Despite recent concerns about possible terrorist activities among NHS staff, there is guidance that will assist with confident recruitment from abroad, says David Lock

The NHS has always depended to a greater or lesser extent on medical, nursing and support staff who are trained abroad. The numbers vary between specialties, with surgery at the lower end and a high number of psychiatrists having trained abroad, but there is very little doubt that the whole system would have ground to a halt years ago without the help of staff from abroad.

However, allegations that foreign-trained doctors were involved in recent terrorist events in London and Glasgow, and tabloid reactions to these allegations, are in danger of casting a shadow over other professionals.

So how do employers guard against irrational prejudice but still ensure that they take rigorous steps to vet staff in times of heightened security?

It is hardly open to human resource managers to start an interview in a McCarthyite fashion - 'Are you or have you ever been a member of an Islamist terrorist cell?' - and in fact the much greater danger for NHS managers is that qualified foreign-trained staff will be turned down for spurious reasons, precipitating discrimination claims.

It is worthwhile remembering that the equality and diversity policy continues to apply notwithstanding recent events.

NHS Employers publishes practical guidance to recruiting foreign staff on its website, covering the areas you would expect: check the identity of the person who stands before you by making sure you see originals of passports, and so on. Require production of original degree and postgraduate qualifications, not copies. Is the visa in order? Do a Criminal Records Bureau check even if someone says they are coming into the country for the first time, and see if they have ever worked in a country where the CRB has reciprocal arrangements.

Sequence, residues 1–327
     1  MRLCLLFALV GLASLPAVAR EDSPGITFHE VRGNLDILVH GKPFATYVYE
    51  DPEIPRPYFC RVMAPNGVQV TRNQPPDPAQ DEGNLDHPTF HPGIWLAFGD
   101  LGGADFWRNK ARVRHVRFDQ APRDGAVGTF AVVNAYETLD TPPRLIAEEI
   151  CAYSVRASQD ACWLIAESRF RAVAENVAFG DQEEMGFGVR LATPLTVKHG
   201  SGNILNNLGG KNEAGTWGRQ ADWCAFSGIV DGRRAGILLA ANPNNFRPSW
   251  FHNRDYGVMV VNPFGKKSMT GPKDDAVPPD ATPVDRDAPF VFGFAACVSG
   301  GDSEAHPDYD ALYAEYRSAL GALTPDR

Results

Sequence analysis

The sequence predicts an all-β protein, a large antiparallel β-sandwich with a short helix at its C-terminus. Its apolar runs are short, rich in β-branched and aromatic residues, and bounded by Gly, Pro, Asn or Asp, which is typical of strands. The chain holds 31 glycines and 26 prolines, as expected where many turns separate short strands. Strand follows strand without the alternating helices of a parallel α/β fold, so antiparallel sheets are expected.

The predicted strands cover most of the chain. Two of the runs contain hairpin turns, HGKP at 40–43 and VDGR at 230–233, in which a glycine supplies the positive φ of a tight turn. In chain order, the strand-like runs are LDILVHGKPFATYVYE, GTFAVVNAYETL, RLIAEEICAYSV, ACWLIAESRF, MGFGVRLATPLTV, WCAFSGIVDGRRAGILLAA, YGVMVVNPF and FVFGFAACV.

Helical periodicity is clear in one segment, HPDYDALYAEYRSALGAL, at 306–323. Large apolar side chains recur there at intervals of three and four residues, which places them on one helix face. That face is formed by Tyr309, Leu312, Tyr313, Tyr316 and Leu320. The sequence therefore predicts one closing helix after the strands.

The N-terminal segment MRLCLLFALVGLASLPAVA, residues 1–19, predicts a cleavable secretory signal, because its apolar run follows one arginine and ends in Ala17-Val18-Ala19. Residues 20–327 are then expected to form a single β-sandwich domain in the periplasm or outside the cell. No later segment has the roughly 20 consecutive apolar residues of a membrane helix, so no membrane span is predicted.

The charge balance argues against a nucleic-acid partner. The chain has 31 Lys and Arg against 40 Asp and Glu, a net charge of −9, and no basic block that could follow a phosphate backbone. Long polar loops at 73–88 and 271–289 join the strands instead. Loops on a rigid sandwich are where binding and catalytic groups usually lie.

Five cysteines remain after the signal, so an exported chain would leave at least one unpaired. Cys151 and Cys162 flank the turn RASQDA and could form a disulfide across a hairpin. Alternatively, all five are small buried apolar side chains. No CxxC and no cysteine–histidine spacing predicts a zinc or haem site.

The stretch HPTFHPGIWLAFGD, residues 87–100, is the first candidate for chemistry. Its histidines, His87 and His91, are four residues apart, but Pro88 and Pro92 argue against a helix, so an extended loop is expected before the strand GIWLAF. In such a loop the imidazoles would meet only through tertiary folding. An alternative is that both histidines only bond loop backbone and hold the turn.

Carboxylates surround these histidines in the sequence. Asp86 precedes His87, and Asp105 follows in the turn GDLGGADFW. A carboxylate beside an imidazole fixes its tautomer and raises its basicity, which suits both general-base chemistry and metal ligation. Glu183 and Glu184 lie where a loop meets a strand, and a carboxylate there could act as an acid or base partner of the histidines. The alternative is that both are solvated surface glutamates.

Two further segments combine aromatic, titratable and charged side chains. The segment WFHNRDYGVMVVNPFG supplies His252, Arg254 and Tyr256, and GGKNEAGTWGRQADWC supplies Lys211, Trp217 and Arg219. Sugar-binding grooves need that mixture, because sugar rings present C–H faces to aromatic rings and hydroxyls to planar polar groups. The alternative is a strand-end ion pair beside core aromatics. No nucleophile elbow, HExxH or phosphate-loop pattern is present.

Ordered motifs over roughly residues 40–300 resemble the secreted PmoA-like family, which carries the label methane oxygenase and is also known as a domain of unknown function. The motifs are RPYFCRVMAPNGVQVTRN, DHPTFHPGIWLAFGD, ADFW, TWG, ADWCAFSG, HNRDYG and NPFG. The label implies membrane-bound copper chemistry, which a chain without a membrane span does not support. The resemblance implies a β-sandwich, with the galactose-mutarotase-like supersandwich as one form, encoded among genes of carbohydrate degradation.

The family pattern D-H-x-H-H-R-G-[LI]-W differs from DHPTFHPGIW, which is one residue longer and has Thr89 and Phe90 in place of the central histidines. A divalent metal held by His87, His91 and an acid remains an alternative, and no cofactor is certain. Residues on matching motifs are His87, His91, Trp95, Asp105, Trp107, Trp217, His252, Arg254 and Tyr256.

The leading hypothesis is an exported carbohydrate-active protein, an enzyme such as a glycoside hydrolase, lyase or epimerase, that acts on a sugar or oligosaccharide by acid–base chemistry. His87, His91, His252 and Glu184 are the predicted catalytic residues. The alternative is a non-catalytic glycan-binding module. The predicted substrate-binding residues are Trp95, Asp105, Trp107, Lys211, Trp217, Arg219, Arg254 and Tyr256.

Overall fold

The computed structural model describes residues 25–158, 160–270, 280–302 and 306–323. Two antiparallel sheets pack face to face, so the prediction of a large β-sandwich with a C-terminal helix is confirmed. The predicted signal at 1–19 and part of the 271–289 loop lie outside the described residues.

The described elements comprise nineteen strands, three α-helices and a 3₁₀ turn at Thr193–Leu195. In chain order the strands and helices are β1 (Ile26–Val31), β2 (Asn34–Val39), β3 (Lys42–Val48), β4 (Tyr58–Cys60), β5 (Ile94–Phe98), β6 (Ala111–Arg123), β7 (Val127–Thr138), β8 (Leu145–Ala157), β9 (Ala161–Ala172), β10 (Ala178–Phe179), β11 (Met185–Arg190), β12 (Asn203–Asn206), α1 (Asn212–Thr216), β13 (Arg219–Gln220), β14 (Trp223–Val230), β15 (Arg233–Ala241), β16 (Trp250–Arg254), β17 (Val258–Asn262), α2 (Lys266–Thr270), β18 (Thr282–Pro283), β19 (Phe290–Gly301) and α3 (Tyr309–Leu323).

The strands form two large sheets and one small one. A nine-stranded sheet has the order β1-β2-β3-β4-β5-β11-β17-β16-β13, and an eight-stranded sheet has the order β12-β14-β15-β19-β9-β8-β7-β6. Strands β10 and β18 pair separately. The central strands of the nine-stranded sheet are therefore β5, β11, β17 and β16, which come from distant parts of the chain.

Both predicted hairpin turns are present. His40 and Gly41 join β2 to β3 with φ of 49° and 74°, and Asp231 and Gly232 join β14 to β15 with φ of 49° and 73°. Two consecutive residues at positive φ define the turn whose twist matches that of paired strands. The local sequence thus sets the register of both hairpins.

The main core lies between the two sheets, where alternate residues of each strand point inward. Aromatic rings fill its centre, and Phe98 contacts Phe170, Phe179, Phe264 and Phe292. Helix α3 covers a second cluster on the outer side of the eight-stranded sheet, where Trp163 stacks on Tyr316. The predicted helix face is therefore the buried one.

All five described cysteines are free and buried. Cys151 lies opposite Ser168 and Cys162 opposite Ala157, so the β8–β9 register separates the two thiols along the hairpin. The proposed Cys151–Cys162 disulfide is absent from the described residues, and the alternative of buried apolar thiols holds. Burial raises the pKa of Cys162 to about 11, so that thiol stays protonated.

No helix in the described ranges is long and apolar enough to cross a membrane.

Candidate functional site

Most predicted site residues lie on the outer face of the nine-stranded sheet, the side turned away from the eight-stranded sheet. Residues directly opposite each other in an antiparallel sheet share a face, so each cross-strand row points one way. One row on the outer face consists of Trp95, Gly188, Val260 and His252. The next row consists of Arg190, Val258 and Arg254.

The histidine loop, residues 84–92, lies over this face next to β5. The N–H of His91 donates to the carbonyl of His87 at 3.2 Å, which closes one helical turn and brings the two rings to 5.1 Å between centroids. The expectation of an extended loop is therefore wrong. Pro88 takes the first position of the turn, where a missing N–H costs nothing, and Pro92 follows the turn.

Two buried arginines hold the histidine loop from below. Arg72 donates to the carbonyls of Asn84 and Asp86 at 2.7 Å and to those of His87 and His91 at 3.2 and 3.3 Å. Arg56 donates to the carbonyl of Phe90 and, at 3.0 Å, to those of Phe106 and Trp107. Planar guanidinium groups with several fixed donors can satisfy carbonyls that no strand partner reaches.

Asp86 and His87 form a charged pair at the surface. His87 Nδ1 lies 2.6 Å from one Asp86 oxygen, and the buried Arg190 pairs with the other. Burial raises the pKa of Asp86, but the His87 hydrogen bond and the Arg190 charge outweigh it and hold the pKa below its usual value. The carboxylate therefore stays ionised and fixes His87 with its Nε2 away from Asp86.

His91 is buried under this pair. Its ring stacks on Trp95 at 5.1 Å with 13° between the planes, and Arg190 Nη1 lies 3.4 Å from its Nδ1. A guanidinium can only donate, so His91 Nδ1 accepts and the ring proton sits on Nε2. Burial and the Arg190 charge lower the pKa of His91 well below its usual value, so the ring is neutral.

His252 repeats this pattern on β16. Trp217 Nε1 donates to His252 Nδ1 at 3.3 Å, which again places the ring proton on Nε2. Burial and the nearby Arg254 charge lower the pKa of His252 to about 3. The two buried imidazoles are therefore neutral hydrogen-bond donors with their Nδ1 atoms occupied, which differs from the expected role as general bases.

Beyond the obvious checks, there is little that the NHS or any other employer can do to anticipate the behaviour or actions of qualified professionals but they can be open to receiving information and ready to take appropriate action.

What should NHS managers do if they receive information that a staff member is a potential terrorist? This would not be information about strict religious observance, which is not grounds for suspicion, but concern that extremist views may lead to extremist action.

In general there are no legal duties on the public to assist the police or pass information on to them but it is different for terrorism, where legal duties to pass on information may arise.

Those working in the NHS are, however, much more likely to be concerned that they may breach a legal duty of confidence by passing information to the police, or open themselves to libel proceedings.

Those fears are largely without legal foundation. Data controllers are entitled to pass on confidential information if it may assist in detecting serious crime.

Provided the information is passed on without malice, ringing up the local special branch will not open an NHS manager to libel proceedings. Information given to the police is confidential and will remain confidential unless and until a decision is made by the Crown Prosecution Service to prosecute someone. So there should be no bar to sharing legitimate information about serious concerns with the police.

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